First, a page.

Believe it or not, translating techniques you use to solve puzzles as a human into something a computer understands is extremely complex.

As I mentioned earlier, Chessa kind of has an addiction and she always dreamed of having some sort of unlimited supply of puzzles to play. We're hoping that the online portion of PixlCross becomes the place for that. The only way to drive that engagement is to have an intuitive UI and a toolset that makes it easy to produce cool puzzles.

You've set up various means to share creations, can you talk about those?

After you finish creating a puzzle, the first step is uploading it to Nintendo's servers. Once that's done, you've effectively shared it to the PixlCross community. If someone goes into the search tool, your puzzle will start showing up in the results. Once the puzzle is uploaded you'll land on the puzzle detail UI, which allows you to post the ID of the puzzle to Miiverse. In that regard it's kind of like Super Mario Maker. Since you have an ID, you can go ahead and share that anywhere, whether that's Twitter or Facebook or whatever. If you are looking to consume a puzzle via ID, there's an option on the search tool to just plug that in and download the puzzle.

If you've downloaded and played another player's puzzle, you should consider giving them a thumbs up if you liked it. This will help make the download portal a bit more interesting as it will sort results with the best puzzles at the top.

It's possible to browse and download other gamer's puzzles, was that a particularly challenging feature to implement?

When we first started looking at implementing those features, I'll be honest, it seemed very simple. But once we got down into the details there was a ton of hidden "gotchas." Nintendo is very strict about the way interactions must occur with their provided services. Under each and every circumstance the game must behave according to their guidelines or your game won't pass certification.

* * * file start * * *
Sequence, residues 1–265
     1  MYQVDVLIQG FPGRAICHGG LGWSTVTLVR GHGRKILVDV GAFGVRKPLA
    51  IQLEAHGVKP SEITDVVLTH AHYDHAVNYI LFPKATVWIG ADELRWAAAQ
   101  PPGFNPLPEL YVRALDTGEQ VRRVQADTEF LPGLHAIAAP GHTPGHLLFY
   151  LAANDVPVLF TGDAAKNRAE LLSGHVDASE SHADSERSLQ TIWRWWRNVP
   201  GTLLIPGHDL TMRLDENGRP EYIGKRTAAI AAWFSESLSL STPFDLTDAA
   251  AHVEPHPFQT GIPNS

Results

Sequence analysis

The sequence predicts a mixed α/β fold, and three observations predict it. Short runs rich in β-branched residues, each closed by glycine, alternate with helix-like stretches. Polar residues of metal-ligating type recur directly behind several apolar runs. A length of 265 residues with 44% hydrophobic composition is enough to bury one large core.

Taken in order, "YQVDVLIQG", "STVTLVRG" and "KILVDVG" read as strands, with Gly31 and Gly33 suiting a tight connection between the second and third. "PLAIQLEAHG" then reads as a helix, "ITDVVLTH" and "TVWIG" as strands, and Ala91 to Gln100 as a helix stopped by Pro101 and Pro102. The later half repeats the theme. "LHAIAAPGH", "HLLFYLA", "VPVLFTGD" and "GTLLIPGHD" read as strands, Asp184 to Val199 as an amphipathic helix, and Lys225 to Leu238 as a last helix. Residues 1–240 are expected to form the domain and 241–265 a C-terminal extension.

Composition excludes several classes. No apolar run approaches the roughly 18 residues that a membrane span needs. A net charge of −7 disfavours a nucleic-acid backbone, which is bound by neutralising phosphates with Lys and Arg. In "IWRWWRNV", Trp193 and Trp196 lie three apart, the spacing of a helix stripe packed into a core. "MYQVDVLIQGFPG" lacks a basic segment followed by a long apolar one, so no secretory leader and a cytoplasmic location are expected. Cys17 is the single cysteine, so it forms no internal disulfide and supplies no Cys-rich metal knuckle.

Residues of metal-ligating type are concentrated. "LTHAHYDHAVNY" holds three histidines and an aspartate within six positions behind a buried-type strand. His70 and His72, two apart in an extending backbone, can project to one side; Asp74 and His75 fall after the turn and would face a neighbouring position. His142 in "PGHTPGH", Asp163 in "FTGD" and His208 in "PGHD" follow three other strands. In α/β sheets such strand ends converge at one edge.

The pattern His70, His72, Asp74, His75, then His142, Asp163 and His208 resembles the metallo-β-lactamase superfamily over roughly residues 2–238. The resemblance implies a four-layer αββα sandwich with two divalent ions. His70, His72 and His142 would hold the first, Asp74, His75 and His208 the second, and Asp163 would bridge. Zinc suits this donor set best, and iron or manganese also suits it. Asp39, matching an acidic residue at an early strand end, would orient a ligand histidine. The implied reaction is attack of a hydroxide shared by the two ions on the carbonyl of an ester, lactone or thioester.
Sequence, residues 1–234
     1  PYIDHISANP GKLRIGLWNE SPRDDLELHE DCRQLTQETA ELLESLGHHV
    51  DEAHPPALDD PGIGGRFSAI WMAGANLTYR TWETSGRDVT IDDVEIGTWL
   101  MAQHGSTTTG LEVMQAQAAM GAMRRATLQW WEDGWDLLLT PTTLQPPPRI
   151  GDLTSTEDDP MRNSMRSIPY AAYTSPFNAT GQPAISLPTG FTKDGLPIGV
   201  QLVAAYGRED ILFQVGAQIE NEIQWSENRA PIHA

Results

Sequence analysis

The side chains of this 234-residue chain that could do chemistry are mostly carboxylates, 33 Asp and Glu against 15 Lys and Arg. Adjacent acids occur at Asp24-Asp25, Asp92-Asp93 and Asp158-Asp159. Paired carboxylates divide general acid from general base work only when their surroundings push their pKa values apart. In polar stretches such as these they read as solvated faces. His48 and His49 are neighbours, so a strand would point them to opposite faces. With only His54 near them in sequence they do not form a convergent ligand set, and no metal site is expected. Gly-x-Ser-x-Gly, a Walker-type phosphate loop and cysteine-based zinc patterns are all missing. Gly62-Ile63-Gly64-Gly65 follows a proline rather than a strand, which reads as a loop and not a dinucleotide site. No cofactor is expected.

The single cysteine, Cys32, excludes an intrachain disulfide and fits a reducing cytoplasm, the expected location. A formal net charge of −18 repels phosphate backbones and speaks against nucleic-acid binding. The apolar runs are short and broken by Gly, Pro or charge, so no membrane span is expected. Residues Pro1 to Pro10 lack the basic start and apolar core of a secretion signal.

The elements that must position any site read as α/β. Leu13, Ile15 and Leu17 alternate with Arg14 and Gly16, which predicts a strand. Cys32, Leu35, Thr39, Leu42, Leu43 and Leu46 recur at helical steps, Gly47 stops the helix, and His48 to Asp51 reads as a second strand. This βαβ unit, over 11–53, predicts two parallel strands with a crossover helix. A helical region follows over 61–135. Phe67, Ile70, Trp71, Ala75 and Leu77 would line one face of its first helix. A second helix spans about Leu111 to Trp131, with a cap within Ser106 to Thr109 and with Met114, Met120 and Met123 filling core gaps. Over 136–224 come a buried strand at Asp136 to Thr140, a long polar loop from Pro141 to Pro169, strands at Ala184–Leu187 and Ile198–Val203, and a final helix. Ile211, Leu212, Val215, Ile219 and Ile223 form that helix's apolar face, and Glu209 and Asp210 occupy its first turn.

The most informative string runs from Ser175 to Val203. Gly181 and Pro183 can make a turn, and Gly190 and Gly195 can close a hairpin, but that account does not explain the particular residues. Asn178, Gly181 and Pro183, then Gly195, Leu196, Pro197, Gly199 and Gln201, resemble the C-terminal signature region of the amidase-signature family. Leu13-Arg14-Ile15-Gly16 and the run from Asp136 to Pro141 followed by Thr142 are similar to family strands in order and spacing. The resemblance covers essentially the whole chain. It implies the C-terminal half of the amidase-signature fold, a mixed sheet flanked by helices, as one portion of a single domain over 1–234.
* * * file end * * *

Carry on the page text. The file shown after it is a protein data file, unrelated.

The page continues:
Some of you might remember our initial announcement for PixlCross was back in September 2015 – that's when we first went into Lotcheck. It's taken another six months to iron out all of the issues we encountered. It was a great learning experience though and we were able to use the in between time to make the game better.


How important are platforms such as Miiverse for a game like PixlCross, and is fostering a sense of community around the game a big priority for you?

One of the things we used the in between time mentioned in the last question for is really bolstering our Miiverse support. Miiverse is where the Nintendo community is. As we sat down and talked about it, we decided that if we want to drive community engagement, our participation in Miiverse needed to increase. In the past it's been a place where I go to celebrate something I achieved in a game or to post about something I created.

As such, we built in the ability to post in Miiverse with the push of a button after you complete a puzzle, share a puzzle, or complete a significant portion of the game. We hope that this helps keep the community active and engaged in the game.

Finally, do you have a particular message you'd like to sign off with?

Thanks so much for having us and giving us the opportunity to talk about PixlCross. Building and releasing our first game has been an incredibly challenging but fulfilling process. We're extremely excited to share it with the world and to see what the community creates!

We'd like to thank Nick DiMola for his time - PixlCross is out now on the Wii U eShop in North America, priced $5.99 in the US.